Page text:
Monday, 23 February 2015

Gaming with The Girls II: Player Perspective

 I mentioned in my last post that I've been running a "girl's only" game, which started due to player initiative. The article basically stated that running a game for women is no different to running one for men.

That's the GM perspective, anyway. The player perspective seems to be a bit different.

One of my players, Hazel, was kind enough to give her thoughts on this.

Ivan is probably right - that DMing an all girls game probably isn’t much different from a co-ed or all male game. But, a bit to my surprise, playing it is. 

Now let me make this clear - I don’t usually gravitate to ‘girls only’ clubs and events. Most of my friends are male. A girls’ only session hadn’t really occurred to me until Nat suggested it. Almost all of my (limited) prior gaming experience has been in settings where I was the only girl. Most of my that came over about six months in High School. My university crowd took it more seriously than I did and the time I joined a game it was a disaster. Most recently, I joined an existing game. With the exception of my partner, the rest of the group knew each other for a minimum of 20 years. With the exception of me, they were all blokes. With the exception of one, they were pretty decent guys. 

But the one that was an asshole… 

And this is the big difference in playing with women. Every woman I know with any experience in gaming has left a game because of a man, and most have had the experience repeatedly. For many the first experience of leaving because of a man is the last - but only because it is also their last involvement with gaming. 

I left that game because of an asshole. He wouldn’t get a word in edgewise and treated me like an idiot and generally seemed determined to give the impression that he was attempting to shove his head well up his rectum. (Sadly, the physical reality of his efforts did not muffle his voice adequately.) My character did more for the team than his and his bad decisions repeatedly cost us money and hit points.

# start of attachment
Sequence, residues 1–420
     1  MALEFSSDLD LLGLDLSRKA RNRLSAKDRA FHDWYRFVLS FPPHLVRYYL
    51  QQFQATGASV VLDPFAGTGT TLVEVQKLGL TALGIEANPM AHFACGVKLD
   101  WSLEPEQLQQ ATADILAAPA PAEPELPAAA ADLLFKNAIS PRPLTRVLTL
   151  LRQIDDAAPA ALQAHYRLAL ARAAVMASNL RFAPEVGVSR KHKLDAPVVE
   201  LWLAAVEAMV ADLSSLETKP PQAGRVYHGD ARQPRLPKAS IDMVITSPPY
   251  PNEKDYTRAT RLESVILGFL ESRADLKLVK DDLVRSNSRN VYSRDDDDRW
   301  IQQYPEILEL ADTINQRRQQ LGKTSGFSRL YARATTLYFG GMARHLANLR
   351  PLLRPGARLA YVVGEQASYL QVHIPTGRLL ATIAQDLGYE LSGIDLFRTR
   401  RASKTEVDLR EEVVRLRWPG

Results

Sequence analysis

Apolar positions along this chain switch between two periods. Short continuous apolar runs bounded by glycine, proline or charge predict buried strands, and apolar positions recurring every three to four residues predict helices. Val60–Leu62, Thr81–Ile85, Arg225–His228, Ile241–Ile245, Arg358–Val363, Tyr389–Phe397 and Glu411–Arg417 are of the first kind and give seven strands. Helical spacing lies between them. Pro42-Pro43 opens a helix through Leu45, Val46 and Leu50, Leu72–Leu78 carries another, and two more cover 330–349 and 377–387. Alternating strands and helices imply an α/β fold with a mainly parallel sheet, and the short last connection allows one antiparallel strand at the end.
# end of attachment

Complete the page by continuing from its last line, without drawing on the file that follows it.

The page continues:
Two of the other four men complained about him behind his back but support in the game? Nada. Confront him when he was pushing us into a bad decision? Not a chance. As much as the obnoxiousness from the asshole, it was their silence that really made me feel like they didn’t see me as a part of the team. Their lack of visible support left it as ‘me vs. the asshole’, not ‘us vs the asshole’. 

Outright rudeness isn’t the only way men push women away from gaming. We also leave because of unwanted advances from ‘nice’ men who won’t take no for an answer. We leave because of breakups when we’re expected to be the one to make the sacrifice for the comfort of others. We leave because of openly sexist comments - all too often disguised as jokes. We leave because we get shoehorned in the stereotyped ‘women’s’ roles when we didn’t want to be. We leave because of lack of support from life partners who don’t leave us with the time to play. We leave because it’s just not worth continuing to fight when we’re not supposed to be in the game in the first place. 

And this is why the girls game is different. I know that Nat, a longtime friend, isn’t going to leave her longtime partner and the father of her children because she’s developed a crush on me and won’t take no for an answer. I know that if I don’t know every detail of the Version 5 Player Handbook, Sally isn’t going to think I’m an idiot. I know that they’re not going to reinforce their stereotypes about women being flighty, shallow and trivial if we all decide to plan a party as part of the game (and yes, we did that - and yes it had strategic value). 

Ivan mentioned my fondness for spitting acid at people. And yes, I’ve done that and I’m going to do it again. Spitting acid is fun. (Oh, that I could do it in real life!) But it’s worth noting that I spit the acid in someone’s face in a session where I was the only girl. And the character (now sans face) was annoying my character. It may not have been a stellar decision - though that did lead me to my current start of an empire. 

The ‘Girls game’ is the first game I’ve played where I’m not simultaneously playing against the scenario while fighting for a modicum of respect my alleged allies. I’m not expecting to get driven out of the game by a boy. And, as Ivan mentioned, the food is a lot better, as are the drinks.

Now we just need to figure out how to kill that Cthulhu damned dragon…

A Note
It's interesting that Hazel brings up the acid-spitting. Indeed, it was pretty much the first thing she did in her first session, to an arrogant and demeaning gate-guard who deserved to be knocked down a peg or two. And as she said, she was the only girl in that session. 

I wondered at the time whether this was a way of asserting herself. A way of telling us all that she wasn't going to be pushed around and take any shit. Melting the face off a minor NPC was a powerful way to make that statement and was possibly even overkill.

But I can see why she did it. And the consequences have resulted in good stories.

Sunday, 15 February 2015

Gaming with The Girls

I ran a Dungeons and Dragons game "for the girls" recently and figured that deserved a blogpost.


Question: What's the difference between male and female roleplayers?

One of the players asked me about this subject during a break in the game. After all, my experience with running games has mostly been with male-dominant groups (often all-male) and it's rare for a GM to run a game where all the players are female. However, the ranks of women in gaming culture are increasing, and I welcome the change. So how is it different?